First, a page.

I was very saddened to read on the Daily Cartoonist that the comic My Cage has been cancelled.
I believe My Cage was the last comic strip launched by King Features that was the under the guidance of the legendary Jay Kennedy. Jay recognized the huge impact the Manga was having and My Cage was the first - and to my knowledge, only - nationally syndicated comic strip to have a Manga influence.
My Cage is a top quality strip that deserved to be in many more papers. I enjoyed Ed's edgy sense of humor and Melissa's beautiful artwork. I will definitely miss reading it on the Dailyink.
Unfortunately, the business of comics has always been a brutal one with a high failure rate and truly wonderful strips often don't make it. The terrific Franklin Fibbs is another comic launched in recent years that should have been much more successful than it was. And, the terrible truth is that the current climate at newspapers makes it even more brutal.
I was asked recently by an industry insider if I would still recommend syndication as a goal for aspiring cartoonists. I answered emphatically yes, which I think surprised him.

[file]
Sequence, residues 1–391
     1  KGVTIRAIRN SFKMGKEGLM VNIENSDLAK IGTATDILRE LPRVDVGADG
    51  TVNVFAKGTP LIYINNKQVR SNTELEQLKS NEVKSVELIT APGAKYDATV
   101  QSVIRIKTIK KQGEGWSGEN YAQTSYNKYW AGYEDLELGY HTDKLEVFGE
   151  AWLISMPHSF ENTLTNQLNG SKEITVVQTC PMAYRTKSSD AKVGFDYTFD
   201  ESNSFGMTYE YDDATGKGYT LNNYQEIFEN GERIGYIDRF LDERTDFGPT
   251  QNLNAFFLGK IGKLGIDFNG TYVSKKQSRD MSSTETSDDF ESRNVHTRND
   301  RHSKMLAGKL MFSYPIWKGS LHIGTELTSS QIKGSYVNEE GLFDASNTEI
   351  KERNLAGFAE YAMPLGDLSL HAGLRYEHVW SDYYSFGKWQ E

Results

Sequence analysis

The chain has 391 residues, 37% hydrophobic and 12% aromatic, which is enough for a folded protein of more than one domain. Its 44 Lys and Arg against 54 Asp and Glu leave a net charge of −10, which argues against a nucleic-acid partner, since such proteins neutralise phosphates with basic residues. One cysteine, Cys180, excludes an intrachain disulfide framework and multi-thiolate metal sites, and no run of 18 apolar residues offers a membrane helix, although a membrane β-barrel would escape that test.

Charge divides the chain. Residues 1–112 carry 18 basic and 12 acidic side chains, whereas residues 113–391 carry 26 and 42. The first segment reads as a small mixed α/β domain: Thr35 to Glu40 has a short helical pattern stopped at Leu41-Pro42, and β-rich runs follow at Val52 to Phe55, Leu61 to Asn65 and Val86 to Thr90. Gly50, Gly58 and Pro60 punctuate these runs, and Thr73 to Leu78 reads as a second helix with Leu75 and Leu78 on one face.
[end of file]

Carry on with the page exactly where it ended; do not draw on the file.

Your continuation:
My reasons are these:
No matter how grueling the deadlines or how limiting the "g-rated" parameters in which you must write, the experience you gain working with a syndicate and an editor are enormous. Even if your feature doesn't make it, you will learn a tremendous amount about the business that can only be helpful if you decide to head out on your own.
Some syndicates - King is one - pay a minimum royalty starting at launch. This at least gives you some income while you are finding your feet and honing your feature for a broad public appeal.
Syndicates still provide greater exposure for a new comic than it can generate on its own in the internet wilderness. It's all very well and good to paint the next Mona Lisa, but trying to find an audience for it on the internet can be like standing in the middle of the Sahara holding up your painting and saying "Look at this! Look at me!" It's a whole lot easier if you have someone advertising your painting aggressively to art galleries.
Contrary to popular belief, artists no longer sign away their rights to their feature when they become syndicated. John retains full copyright to Edison and all properties that may spring from it. If it is optioned for a movie or anything else, John must be compensated - the money doesn't all go straight to the syndicate.
I'm not saying syndication is for everyone - it is very difficult and can be discouraging and the schedule is grinding. But I think ruling it out as a career option is short sighted.
I wish Ed and Melissa all the best. I hope that, after the dust settles, they remain in the business of producing comics - My Cage or something else. They are both truly talented and bound to be successful.